216 F.2d 671
Jack L. KREINBRING, Appellant,
UNITED STATES of America, Appellee.
United States Court of Appeals, Eighth Circuit.
November 12, 1954.
Edward M. Sullivan, Minneapolis, Minn., for appellant.
George E. MacKinnon, U. S. Atty., and Alex Dim, Asst. U. S. Atty., St. Paul, Minn., for appellee.
Before GARDNER, Chief Judge, and WOODROUGH and VAN OOSTERHOUT, Circuit Judges.
VAN OOSTERHOUT, Circuit Judge.
The appellant, Jack L. Kreinbring, appeals from judgment and conviction on three counts of an indictment charging him with violation of the Mann Act, Count 1 charging the violation of Title 18 U.S.C.A. § 2422, Counts 2 and 3 charging the violation of Title 18 U.S. C.A. § 2421. The alleged victim in each count was Helen Louise Spaulding (Dalzen). Defendant made no motion for judgment of acquittal in the trial court. Consequently, he is not in a position to raise the question of the sufficiency of the evidence to sustain the conviction. Mitchell v. United States, 8 Cir., 208 F.2d 854. Under such circumstances no useful purpose can be accomplished by setting out the evidence in detail.
The errors urged by the appellant may be summarized as follows:
I. Error in admitting evidence of other unrelated offenses or misconduct.
II. Error in instructions as to the Wisconsin Hotel incident.
III. Error in admitting two photographs as exhibits.
IV. Improper closing argument by government counsel.
V. Denial of motion for new trial.
VI. Plain errors should be noticed.
Each of these claimed errors will now be considered.
I. Mrs. Spaulding testified that defendant, while a guard at the Minneapolis men's workhouse, permitted witness and a companion to enter the workhouse and have sexual relations with certain inmates. The only objection made to the testimony was a hearsay objection to a prior question. This objection, even if it were considered as standing to various separate questions eliciting this information, was not adequate to raise the question that it was prejudicial testimony of unrelated offenses. Mrs. Spaulding without objection testified that she and defendant had registered at the Wisconsin Hotel under the name of Mr. and Mrs. John Hammond and there had intercourse. The hotel registration card showing such registration on November 6, 1951, was identified and offered, at which time defendant's counsel stated, "No objection." Whereupon, the exhibit was received. The defendant, in his direct examination, fully admitted the workhouse and Wisconsin Hotel incidents. Defendant's counsel, in his closing argument to the jury stated, "There was a disgraceful incident at the workhouse, which of course, we cannot condone. That isn't the crime for which he is being tried. There is the episode at the Wisconsin Hotel. Certainly nobody can condone that — we don't — we admit it." Under the record as made, we are not concerned with the question of whether the foregoing testimony would be vulnerable to an appropriate objection as no such objection was made. An objection to testimony not made in the trial court cannot be urged for the first time on appeal. Finnegan v. United States, 8 Cir., 204 F.2d 105, 111.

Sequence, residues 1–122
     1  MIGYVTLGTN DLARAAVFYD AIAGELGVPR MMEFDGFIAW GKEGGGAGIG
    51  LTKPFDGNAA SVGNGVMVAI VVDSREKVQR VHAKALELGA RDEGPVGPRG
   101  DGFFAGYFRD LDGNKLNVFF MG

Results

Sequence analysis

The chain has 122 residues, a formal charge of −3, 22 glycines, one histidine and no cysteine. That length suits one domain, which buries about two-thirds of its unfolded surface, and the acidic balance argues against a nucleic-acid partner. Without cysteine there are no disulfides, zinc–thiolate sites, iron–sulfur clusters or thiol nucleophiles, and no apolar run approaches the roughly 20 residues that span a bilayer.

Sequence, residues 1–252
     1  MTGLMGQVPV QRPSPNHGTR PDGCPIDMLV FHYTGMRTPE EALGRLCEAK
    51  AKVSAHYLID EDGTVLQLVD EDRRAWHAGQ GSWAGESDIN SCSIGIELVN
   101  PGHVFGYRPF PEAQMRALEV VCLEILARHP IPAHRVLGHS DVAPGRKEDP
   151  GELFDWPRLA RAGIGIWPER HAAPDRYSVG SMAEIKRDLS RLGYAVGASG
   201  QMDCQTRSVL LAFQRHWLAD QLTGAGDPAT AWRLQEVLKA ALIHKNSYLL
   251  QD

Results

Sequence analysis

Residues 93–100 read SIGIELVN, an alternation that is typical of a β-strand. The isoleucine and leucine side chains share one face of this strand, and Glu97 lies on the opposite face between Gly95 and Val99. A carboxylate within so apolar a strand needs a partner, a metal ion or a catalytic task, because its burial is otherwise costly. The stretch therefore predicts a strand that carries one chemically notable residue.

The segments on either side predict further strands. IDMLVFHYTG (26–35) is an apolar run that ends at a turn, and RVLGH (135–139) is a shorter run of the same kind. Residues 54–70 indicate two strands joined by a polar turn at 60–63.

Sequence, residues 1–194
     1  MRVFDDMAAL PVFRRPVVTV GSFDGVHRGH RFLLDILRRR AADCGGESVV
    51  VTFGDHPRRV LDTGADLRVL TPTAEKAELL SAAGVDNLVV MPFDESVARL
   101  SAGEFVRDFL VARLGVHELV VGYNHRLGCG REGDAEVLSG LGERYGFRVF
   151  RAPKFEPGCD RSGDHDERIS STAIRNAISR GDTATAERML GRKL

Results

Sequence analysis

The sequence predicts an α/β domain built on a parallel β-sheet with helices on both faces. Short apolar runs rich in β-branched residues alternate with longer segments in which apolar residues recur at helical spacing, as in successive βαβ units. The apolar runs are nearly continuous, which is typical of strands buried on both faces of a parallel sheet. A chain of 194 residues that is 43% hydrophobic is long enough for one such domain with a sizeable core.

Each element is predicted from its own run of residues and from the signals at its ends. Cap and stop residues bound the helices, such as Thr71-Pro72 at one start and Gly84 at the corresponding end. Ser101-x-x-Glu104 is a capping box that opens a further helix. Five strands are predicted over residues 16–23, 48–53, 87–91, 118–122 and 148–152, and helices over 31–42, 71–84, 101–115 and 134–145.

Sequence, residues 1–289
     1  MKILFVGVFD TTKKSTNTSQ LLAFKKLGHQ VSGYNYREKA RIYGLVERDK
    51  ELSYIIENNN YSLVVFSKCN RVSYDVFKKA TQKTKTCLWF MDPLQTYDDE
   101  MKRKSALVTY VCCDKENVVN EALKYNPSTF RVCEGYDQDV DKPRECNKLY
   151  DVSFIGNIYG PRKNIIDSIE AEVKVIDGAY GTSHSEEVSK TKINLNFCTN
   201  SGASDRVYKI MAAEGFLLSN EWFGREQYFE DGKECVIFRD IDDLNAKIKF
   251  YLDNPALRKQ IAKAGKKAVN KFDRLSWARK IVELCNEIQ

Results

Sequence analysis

Any error in admitting evidence is cured by defendant's admissions covering the same transactions. Palno v. United States, 8 Cir., 58 F.2d 111.
II. The Court instructed the jury in part, "You are instructed that the defendant, Kreinbring, cannot be convicted of the charges contained in the indictment upon the mere ground that he registered for himself and the witness Spaulding in the Wisconsin Hotel on the 6th day of November, 1951; but such registration may be considered by you as bearing upon the defendant's intent and his credibility as a witness."
Defendant requested no instructions and his counsel, before the jury retired, in response to an inquiry by the Court, stated he had no exceptions to the instructions given. The defendant now objects to the above instruction for the reason that the evidence of the hotel registration, and what happened there, was improperly admitted.
In the absence of a request for or exceptions to instructions there is nothing to review. Rule 30 Federal Rules of Criminal Procedure, 18 U.S.C.A.; Stassi v. United States, 8 Cir., 50 F.2d 526; McGuire v. United States, 8 Cir., 152 F. 2d 577.
III. Exhibit 1 purports to be a picture of a man the witness Spaulding identified as the collection agent of her employer in the prostitution business in Chicago. Exhibit 2 is a picture of a fellow prostitute the witness Spaulding knew in Minneapolis and met at the place where she was employed in Chicago. The exhibits were objected to as "Immaterial, too remote, no proper foundation having been laid, no connection with the defendant." No other reference to exhibits 1 and 2 can be found in the evidence. Mrs. Spaulding had fully explained in her testimony her relations and dealings with the subjects of the photographs. It is difficult to see where the introduction of these exhibits added anything to her testimony. Defendant, in his argument, makes no showing of any prejudice caused him thereby. His principal contention is that his constitutional right to be confronted by witnesses against him has been violated. This objection was not urged below and, consequently, cannot be raised here. In any event, his contention is without merit.